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Scarlett Johansson’s Awful Defense of Woody Allen and SodaStream

Johansson doesn't offer the most convincing of defenses in either case.
 
 
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Note:Jezebel, among other publications have weighed in on Johansson's interview here

There is something very levelling about seeing a major Hollywood star walking past Primark. And not just any Hollywood star but  Scarlett Johansson, twice crowned Esquire's "Sexiest Woman Alive", three times Woody Allen muse, Bafta winner, noted beauty. Yet, there she is, in her latest film, in a pair of stonewashed jeans and a fake fur coat, walking down a busy shopping street in Glasgow and, well, blending in. She looks normal. Ordinary, even. Strip a star of their Hollywood get-up, remove them from their Bel Air mansions, and it turns out that they look just like the rest of us.

Only Johansson is different. Theoretically, this is because, in  Under the Skin, a low-budget sci-fi indie adapted from a Michel Faber novel, we know she's an alien. In reality, it's because we know she's Scarlett Johansson. We watch her prowling the outskirts of Glasgow, the in-between lands of industrial parks and council estates, looking for fresh man meat, and there is an eerie sense of alien universes colliding. Scenes include Scarlett Johansson on a bus. Scarlett Johansson being given directions to Asda. And Scarlett Johansson sitting in front of an electric fire in a council house watching Tommy Cooper on TV.

It turns out that transplanting a major Hollywood celebrity to a down-at-heel, working-class Scotland is about as close as you can get to seeing an alien walk among us. Celebrities may not be an actual master race – yet – but there is something weirdly jarring about seeing someone familiar from a thousand red-carpet photographs, walking down an ordinary high street full of the ordinary faces of ordinary lives.

When I meet her, however, Johansson, 29, is back in full Hollywood mode. She's been installed in a fancy suite in New York's Waldorf Astoria and has shed the ugly jeans and cheap boots. She's in spiky heels and a silky top and is groomed and coiffed with eyelashes like a camel's and a river of shining blond hair that flows around her shoulders. She is surrounded by a small army of publicists and minders. She looks neither ordinary nor normal. (Nor, noticeably, pregnant, as various newspapers claimed last week.)

I've just seen her in action at a press conference where she'd gone off on a long riff about  Jonathan Glazer, the British director of the film who she calls a "visionary" and a "genius". And when I meet her, she says what an easy and enjoyable film it is to talk about. "Because it brings up so many questions. One of the journalists that I was talking to today, we ended up talking about the relativity of time. Whereas, normally, it's like 'So, what do you find sexy in a guy?' Or, 'If you had a superpower, what would it be?'"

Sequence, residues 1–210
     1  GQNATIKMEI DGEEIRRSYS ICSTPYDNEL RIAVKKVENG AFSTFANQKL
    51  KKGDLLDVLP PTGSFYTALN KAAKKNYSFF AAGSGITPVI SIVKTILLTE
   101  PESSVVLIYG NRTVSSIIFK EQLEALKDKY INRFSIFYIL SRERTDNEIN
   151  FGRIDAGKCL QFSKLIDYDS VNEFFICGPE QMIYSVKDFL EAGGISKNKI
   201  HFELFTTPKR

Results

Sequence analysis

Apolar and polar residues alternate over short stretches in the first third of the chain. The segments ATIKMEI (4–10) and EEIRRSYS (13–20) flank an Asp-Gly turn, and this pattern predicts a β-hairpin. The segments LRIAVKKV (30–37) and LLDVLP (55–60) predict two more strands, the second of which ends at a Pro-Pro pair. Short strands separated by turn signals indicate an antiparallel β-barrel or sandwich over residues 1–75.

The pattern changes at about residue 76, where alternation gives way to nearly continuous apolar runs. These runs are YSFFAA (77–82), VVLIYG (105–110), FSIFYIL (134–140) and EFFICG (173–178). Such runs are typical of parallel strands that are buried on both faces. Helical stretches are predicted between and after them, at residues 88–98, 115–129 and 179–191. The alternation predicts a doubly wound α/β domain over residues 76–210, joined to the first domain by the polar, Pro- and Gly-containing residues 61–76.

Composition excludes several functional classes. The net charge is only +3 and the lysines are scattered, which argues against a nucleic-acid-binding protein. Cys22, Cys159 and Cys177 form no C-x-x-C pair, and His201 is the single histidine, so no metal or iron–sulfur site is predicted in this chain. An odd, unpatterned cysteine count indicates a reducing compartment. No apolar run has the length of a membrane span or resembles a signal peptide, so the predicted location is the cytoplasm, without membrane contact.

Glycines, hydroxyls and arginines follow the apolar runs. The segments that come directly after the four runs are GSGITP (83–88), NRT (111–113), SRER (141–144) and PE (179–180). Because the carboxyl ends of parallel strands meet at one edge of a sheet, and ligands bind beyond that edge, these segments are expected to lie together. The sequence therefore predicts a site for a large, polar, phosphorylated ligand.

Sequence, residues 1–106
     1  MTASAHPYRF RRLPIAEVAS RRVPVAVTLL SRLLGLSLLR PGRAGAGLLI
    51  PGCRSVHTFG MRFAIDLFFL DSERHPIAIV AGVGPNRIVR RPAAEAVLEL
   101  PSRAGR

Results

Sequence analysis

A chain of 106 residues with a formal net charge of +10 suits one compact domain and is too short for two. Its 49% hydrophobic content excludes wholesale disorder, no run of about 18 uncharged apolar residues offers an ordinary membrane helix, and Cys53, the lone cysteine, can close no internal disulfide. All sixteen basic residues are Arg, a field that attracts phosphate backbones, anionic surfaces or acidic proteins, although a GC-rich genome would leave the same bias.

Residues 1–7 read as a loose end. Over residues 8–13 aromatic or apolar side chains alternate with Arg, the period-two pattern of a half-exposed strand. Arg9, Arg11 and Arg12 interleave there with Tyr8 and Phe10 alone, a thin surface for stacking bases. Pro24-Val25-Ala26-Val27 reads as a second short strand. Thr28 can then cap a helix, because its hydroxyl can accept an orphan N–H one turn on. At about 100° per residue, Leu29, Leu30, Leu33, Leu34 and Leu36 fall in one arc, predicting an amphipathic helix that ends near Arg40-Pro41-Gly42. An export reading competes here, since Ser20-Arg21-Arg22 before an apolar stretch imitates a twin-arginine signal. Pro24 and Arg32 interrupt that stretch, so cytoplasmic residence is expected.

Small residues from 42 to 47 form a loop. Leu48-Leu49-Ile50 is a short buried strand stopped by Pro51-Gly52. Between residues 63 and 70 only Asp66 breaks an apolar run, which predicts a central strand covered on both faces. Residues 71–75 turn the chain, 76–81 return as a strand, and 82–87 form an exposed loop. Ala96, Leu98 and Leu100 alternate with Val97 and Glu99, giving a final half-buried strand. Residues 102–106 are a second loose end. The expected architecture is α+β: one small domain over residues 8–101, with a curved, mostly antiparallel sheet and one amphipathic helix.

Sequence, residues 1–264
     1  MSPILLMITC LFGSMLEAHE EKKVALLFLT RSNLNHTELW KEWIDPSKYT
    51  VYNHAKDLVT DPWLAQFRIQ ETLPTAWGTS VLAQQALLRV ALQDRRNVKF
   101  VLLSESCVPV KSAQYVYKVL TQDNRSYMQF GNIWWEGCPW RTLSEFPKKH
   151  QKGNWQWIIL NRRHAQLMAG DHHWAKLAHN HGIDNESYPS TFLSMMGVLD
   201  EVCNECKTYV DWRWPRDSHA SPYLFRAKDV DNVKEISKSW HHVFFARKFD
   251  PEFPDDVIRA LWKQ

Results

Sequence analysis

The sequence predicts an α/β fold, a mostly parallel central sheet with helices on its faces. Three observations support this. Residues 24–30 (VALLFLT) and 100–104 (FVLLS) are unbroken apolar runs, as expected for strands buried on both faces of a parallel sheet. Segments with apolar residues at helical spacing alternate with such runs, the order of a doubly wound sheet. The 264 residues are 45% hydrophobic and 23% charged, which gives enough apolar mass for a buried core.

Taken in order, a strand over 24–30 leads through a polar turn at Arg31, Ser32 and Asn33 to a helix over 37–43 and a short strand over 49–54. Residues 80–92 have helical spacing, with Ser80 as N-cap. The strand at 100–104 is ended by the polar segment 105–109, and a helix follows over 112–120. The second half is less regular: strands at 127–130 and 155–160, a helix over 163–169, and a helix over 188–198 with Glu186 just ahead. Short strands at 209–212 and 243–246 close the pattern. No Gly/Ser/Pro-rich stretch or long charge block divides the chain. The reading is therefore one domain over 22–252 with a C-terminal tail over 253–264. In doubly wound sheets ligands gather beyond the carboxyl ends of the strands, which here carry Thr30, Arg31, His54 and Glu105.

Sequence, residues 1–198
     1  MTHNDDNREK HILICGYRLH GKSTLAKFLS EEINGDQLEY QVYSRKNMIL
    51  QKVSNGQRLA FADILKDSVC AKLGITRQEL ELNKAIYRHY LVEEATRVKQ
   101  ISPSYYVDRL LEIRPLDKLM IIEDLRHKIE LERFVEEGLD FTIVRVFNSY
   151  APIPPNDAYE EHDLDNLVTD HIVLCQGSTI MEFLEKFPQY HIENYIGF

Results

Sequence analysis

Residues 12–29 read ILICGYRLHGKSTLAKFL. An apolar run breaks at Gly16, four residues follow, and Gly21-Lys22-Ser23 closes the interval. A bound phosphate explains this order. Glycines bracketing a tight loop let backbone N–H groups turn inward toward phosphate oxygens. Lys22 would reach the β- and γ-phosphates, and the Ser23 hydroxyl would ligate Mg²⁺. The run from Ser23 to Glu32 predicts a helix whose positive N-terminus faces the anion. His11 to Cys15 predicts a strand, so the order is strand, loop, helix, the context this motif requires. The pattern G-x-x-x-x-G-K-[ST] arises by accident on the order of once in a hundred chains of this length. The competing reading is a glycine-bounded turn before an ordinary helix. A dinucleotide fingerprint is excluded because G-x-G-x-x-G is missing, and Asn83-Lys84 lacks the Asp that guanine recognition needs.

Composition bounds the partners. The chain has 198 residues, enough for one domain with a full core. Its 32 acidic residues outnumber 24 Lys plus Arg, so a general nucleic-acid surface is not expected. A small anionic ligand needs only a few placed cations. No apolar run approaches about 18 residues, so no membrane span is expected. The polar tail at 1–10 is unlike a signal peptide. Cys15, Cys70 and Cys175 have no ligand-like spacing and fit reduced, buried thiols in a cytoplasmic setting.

It's one reason, presumably, that she took the part, though I'm curious to know the details. There's only about three lines of dialogue in the entire film, so it can hardly have been the standout script. The main point of her character is that she doesn't actually have a character. She's an alien. She doesn't do emotion. And it was filmed in Scotland. In winter. And most of the film consists of her standing around in wet boots and a too-thin coat. Or stripping off her clothes in a derelict squat and luring men into a vat of black ectoplasm. (At one point, she appears naked. Johansson fans, of which there are many, most especially the male variety, have been lighting up message boards for months with discussion of this particular fact.)

So why, of all the scripts she must get sent, did she decide to do this one? "I heard Jonathan was making a film and originally it was a very different story. But I met him, and it was very clear that he was struggling to figure out what he was doing with it, and what had attracted him to it. It wasn't his passion project but there was something in the idea of having a character that was an alien that could give him the freedom to be completely observant without any judgment. I think we were both interested in that. I thought it would be incredibly challenging to play a character that's free of judgment, that has no relationship to any emotion I could relate to.

 
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